Beyond the borders of Tamil Nadu, other than NTR, the political foray has been short-lived for actors like Chiranjeevi and Prakash Raj. Bollywood superstar Amitabh Bachchan took a break from acting and won from Allahabad (now Prayagraj) in the 1984 Lok Sabha elections on a Congress ticket but resigned after three years.
While Haasan will make his electoral debut in the upcoming 2021 polls as the chief ministerial candidate, Rajinikanth has been vocal that he will only be the party chief and doesn’t desire the chief minister’s post. His party advisors are trying to persuade him to contest. Rajinikanth first announced his political foray in 2017 but didn’t do much to build the party.
The Covid-19 pandemic made his political ambition doubtful as doctors had advised the actor that his immunity could be compromised as he had undergone a kidney transplant in 2016. “Rajinikanth’s reluctance, in one way, can be compared to MGR’s reluctance,” says Kannan. “Except that MGR had acute public and political consciousness from the very beginning. He had a generous streak about him. Some of it was probably calculated but some of it was organic.”
A senior AIADMK leader and MGR loyalist who did not wish to be named recalls the series of events after the DMK suspended MGR in October 1972. “It was like a freedom struggle on the streets of Tamil Nadu. We didn’t have to mobilise anyone,” the leader said. “Fans and DMK cadre urged him to float a political party. MGR was reluctant. But he was the true heir of Anna (DMK’s founder leader CN Annadurai). Even the party’s name was registered by Anakapathur Ramalingam (from his fans association), not MGR. On October 17, a flag was raised and the party was launched.”
The fledgeling parties of Rajinikanth and Kamal will be fighting the Dravidian rivals who have formed successive governments in the state - the DMK, the AIADMK and their national partners the Congress and the (Bharatiya Janata Party) BJP respectively. It’s also the first state election after the deaths of Jayalalitha and Karunanidhi. “Kamal and Rajinikanth have an advantage because there is no charismatic leader in the state, no talented writers or orators whereas MGR was up against veteran leaders of the DMK and the Congress,” the AIADMK leader said.
The AIADMK has come down strongly on Haasan and Rajinikanth for their speeches linking their closeness to MGR. While Rajinikanth said that there cannot be another MGR, he vowed to bring his rule while Haasan said he grew up in MGR’s lap. The AIADMK is also unhappy that their ally BJP usurped MGR for the promotional content of their vetrivel yatra (victorious spear march) and the saffron party has often likened Prime Minister Narendra Modi to MGR.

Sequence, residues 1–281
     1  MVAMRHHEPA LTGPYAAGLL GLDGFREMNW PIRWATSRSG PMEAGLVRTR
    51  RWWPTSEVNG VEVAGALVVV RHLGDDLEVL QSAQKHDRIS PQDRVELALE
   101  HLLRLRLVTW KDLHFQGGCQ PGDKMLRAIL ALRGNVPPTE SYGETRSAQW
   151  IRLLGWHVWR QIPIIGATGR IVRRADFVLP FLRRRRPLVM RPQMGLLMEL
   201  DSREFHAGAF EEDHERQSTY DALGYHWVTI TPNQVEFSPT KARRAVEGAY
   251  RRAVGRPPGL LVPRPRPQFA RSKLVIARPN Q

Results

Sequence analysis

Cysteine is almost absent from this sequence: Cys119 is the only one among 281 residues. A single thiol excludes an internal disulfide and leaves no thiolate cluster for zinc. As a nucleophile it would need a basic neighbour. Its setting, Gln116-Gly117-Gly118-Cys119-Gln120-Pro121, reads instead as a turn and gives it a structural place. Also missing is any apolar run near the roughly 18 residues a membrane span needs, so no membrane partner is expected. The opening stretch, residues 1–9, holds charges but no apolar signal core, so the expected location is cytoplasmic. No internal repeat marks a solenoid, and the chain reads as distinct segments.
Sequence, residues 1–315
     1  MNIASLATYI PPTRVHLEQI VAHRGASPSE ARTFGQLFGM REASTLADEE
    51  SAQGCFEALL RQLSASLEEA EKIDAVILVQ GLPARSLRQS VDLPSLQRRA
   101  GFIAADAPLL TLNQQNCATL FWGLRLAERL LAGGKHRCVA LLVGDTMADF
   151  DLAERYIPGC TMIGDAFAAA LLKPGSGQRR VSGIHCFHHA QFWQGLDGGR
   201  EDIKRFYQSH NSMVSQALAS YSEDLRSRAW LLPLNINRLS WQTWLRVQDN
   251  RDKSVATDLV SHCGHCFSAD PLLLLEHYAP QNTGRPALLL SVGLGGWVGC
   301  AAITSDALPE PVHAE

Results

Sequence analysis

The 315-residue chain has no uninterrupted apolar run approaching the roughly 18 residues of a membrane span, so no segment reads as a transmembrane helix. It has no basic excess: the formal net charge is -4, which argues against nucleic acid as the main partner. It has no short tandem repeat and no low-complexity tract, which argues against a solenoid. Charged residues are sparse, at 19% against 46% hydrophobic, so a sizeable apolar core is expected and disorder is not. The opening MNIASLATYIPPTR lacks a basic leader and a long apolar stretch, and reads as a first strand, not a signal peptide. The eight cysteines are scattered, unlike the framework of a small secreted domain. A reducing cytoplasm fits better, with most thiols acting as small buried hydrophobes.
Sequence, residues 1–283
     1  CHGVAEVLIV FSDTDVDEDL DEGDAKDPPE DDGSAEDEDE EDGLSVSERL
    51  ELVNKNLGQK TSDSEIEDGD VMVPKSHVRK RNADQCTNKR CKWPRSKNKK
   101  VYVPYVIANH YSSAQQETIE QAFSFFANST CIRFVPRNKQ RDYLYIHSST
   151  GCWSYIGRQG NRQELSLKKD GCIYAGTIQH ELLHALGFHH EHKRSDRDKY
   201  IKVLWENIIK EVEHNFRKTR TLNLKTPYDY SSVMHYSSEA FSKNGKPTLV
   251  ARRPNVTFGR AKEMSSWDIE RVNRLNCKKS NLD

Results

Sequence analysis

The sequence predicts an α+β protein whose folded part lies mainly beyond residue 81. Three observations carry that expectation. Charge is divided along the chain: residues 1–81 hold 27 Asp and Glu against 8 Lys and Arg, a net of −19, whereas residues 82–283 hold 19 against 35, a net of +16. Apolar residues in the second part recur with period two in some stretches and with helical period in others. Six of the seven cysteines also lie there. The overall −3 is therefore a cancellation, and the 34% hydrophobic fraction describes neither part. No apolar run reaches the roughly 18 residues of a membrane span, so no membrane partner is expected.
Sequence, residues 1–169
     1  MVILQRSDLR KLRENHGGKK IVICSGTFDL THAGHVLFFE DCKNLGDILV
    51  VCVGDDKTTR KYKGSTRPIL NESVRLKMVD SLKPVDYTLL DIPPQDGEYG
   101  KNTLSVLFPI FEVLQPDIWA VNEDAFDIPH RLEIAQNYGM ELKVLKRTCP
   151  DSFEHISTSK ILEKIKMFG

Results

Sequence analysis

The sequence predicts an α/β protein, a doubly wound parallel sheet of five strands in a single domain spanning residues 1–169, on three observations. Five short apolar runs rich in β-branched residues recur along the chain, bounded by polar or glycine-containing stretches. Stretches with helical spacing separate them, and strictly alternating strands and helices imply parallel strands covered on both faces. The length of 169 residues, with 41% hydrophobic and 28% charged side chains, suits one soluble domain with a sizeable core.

Rajinikanth’s first politically loaded statement was during the 1996 assembly elections when he said that even God can’t save Tamil Nadu if Jayalalithaa is elected to power. His remark is often seen as a reason why the DMK-led Tamil Maanila Congress (TMC) alliance swept the assembly polls. Karunanidhi became the chief minister for the fourth time. The BJP, which is trying to make inroads in the Dravidian state, has attempted to gain support through his star power. Rajinikanth too maintains friendly ties with the BJP leadership and auditor S Gurumurthy, a troubleshooter for the RSS and the BJP, is one of his advisors. On the contrary, Haasan has been a critic of the Modi-led BJP government.
Rajinikanth and Haasan are on the same page that they will bring change to Tamil Nadu, positioning themselves as an alternative. From a posse of ex-bureaucrats and activists joining the MNM, it is evident that Haasan is building a party outside the traditional political system. MNM’s poll plank has been anti-corruption, employment and environmental concerns. Rajinikanth has only made it clear that he will offer transparent and spiritual politics that is free of corruption, caste and religion. “Corruption is a complex subject in Tamil Nadu,” says Anandhi. “Welfare schemes associated with both DMK and AIADMK are entrenched and that matters more to people who are used to patronage politics, beyond allegations of corruption. Kamal and Rajinikanth’s reach on welfare politics seems to be limited to their fan clubs.”
No familiar face or seasoned politician has been roped in by the two actors for their parties so far. “Fans aren’t enough to programmatically run a party and win elections,” says another party leader and MGR loyalist on condition of anonymity. “MGR had stalwarts like RM Veerappan, KA Krishnaswamy, Nanjil Manoharan who helped him structure the party. And he also had strong field-level workers who were aware of specific details like the caste constituted in every area.”
In the upcoming election, the ruling AIADMK is seeking a third consecutive term against a resurgent DMK which has been out of power for ten years. “Rajinikanth’s and Kamal’s entry will push other established parties to field good candidates,” says Kannan.